The communications chief of the multilateral lender that is China’s answer to the World Bank has resigned, claiming the institution is run by communist party members who “operate like an internal secret police”.
Bob Pickard, the Canadian director-general of communications for the Beijing-headquartered Asian Infrastructure Investment Bank, said he flew to Tokyo on Wednesday because he feared for his safety after raising concerns about what he believes was party infiltration. with the lender.
The controversy, which highlights tensions in multilateral institutions trying to bridge the growing divide between China and the west, erupted after Pickard wrote on Twitter that “as a patriotic Canadian” his only course was to resign and leave Beijing.
“These people are like an invisible government within the bank and I can’t be part of that,” Pickard told the Financial Times from Tokyo. “I don’t want to be a useful idiot.”
The AIIB said in a statement that Pickard’s “recent public comments and characterization of the Bank are unfounded and disappointing.”
“We are proud of our multilateral mission and have a diverse international team representing 65 different nationalities and members at AIIB, serving our 106 members worldwide, many of whom have been with us since our inception in 2016,” said the AIIB.
The allegations challenge the efforts of the AIIB and its president, former Chinese Vice Finance Minister Jin Liqun, to present the bank as an independently managed multilateral institution.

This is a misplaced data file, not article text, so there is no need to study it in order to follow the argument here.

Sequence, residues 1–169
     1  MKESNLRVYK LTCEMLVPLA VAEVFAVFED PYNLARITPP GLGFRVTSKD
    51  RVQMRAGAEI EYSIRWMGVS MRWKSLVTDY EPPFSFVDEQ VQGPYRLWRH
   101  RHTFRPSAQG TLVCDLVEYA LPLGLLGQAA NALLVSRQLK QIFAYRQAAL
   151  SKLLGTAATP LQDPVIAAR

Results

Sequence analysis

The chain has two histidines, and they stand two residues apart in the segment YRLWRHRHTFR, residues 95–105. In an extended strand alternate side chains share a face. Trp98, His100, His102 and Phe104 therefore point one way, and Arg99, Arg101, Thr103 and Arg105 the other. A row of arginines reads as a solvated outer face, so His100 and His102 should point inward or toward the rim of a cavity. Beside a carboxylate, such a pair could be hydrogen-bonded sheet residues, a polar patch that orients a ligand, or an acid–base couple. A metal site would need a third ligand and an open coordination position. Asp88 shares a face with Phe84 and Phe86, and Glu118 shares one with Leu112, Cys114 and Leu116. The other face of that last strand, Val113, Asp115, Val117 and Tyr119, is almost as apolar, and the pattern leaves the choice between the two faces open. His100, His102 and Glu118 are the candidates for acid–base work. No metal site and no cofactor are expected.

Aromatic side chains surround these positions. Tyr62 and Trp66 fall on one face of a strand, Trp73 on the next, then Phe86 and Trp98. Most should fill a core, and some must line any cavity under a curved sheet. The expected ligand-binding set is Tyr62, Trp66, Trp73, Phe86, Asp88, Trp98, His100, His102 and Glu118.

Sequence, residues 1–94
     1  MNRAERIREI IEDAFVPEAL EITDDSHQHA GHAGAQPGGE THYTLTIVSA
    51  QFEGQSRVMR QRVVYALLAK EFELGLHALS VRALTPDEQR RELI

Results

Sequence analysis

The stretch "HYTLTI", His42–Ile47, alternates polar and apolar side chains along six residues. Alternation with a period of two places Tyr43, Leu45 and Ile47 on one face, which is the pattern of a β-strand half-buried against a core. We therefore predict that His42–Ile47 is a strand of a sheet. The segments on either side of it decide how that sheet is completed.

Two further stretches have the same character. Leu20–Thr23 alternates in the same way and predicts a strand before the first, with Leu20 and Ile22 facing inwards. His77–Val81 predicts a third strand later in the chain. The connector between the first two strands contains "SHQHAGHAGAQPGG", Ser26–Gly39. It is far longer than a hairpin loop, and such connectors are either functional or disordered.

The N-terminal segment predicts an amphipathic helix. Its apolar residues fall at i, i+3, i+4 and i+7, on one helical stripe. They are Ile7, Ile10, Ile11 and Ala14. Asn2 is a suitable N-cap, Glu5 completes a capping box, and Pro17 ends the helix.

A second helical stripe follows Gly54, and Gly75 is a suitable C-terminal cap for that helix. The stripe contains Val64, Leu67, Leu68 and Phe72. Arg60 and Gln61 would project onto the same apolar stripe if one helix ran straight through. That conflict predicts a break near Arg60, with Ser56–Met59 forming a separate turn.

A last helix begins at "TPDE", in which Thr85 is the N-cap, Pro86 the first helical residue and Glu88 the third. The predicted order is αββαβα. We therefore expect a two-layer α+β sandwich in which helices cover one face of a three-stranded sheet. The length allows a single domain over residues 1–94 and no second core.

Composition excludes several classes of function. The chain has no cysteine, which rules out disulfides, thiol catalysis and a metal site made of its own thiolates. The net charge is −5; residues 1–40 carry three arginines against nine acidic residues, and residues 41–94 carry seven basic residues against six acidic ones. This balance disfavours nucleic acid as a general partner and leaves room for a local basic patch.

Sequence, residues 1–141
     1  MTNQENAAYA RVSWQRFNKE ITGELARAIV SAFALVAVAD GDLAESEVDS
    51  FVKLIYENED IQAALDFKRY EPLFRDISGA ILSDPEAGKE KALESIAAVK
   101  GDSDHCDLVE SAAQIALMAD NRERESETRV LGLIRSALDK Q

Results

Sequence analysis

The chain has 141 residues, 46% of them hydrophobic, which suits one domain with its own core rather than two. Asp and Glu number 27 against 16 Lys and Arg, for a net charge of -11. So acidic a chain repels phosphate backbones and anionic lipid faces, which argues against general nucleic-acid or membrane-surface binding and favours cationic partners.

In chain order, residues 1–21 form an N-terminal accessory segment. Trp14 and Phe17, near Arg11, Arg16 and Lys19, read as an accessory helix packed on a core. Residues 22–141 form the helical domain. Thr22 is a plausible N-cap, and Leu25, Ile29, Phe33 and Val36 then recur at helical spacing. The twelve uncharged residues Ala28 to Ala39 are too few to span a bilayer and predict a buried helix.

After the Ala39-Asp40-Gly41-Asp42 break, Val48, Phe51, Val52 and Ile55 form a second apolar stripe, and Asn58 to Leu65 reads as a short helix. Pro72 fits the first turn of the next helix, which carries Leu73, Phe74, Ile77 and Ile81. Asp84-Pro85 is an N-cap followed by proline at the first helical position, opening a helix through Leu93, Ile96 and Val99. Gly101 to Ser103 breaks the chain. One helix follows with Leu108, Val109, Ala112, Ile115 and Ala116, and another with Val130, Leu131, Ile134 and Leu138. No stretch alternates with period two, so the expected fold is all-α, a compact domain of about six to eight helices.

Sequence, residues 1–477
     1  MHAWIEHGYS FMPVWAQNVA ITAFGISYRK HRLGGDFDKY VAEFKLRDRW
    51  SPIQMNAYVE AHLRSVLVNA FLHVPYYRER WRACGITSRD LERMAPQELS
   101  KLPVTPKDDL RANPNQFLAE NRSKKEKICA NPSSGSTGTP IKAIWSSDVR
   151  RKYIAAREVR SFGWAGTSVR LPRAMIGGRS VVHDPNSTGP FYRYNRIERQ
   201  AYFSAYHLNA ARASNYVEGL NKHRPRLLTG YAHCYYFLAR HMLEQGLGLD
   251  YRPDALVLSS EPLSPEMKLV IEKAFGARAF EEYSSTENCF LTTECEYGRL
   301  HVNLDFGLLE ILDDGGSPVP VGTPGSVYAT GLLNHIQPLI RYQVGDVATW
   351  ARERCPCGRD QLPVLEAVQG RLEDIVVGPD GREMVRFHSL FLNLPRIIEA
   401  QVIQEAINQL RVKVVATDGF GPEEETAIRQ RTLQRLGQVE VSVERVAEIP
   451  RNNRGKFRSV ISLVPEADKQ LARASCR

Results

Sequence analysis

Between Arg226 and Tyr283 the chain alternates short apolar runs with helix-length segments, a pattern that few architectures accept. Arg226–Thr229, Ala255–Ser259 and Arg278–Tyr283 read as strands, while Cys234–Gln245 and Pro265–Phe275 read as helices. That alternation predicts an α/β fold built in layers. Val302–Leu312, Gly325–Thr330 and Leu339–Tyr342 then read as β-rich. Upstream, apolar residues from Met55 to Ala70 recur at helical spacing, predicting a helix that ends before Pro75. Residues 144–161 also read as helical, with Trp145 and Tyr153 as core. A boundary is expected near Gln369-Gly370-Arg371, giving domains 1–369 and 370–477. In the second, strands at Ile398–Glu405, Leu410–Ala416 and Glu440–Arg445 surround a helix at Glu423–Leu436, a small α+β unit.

While China is the largest shareholder with 26.6 percent of voting rights, the bank’s 106 members include numerous Western countries, including Canada, the UK, Italy and France.
The bank froze its transactions with Russia at the outbreak of war in Ukraine and has an AAA credit rating, allowing it to raise capital at a very low cost.
In an internal memo viewed by the FT, Jin told staff that management was aware of Pickard’s allegations and was “handling the situation.”
“We recognize the uncertainty these comments may cause for all of us who work at the AIIB. We hope you’ll join us in wishing Bob well for the future,’ Jin said.
Three people familiar with the case questioned Pickard’s allegations, saying they had seen no evidence to support his claims that the party ran the bank.
Pickard said he had expressed his concerns about party influence in writing twice in the past month.
Danny Alexander, the Chief Secretary of the UK Treasury from 2010 to 2015, serves as the AIIB’s Vice President of “Policy and Strategy”. He could not be reached for comment.
Pickard said he noticed that all branches of the bank, from the president’s office, contained members of the Chinese Communist Party, who quietly ran things in a way that undermined its claims of transparency.
“Internally, I have expressed my concerns about the influence of the CCP. When you work there for a while you realize that this is really the hidden hand internally of the bank,” he said.
International commercial institutions have come under fire for allowing the Chinese Communist Party to operate within them. The FT revealed last year that HSBC was the first foreign lender to install a Chinese Communist Party committee in its mainland subsidiary.
Under Chinese law, companies with three or more CCP members must have an organization “to carry out party activities.”
Pickard said he resigned in writing two days ago but decided it was unsafe to remain in China, which has jailed Canadian citizens on charges described by Ottawa as “arbitrary.”
The AIIB was founded in 2016 as a China-led alternative to Bretton Woods multilateral institutions such as the World Bank and the IMF.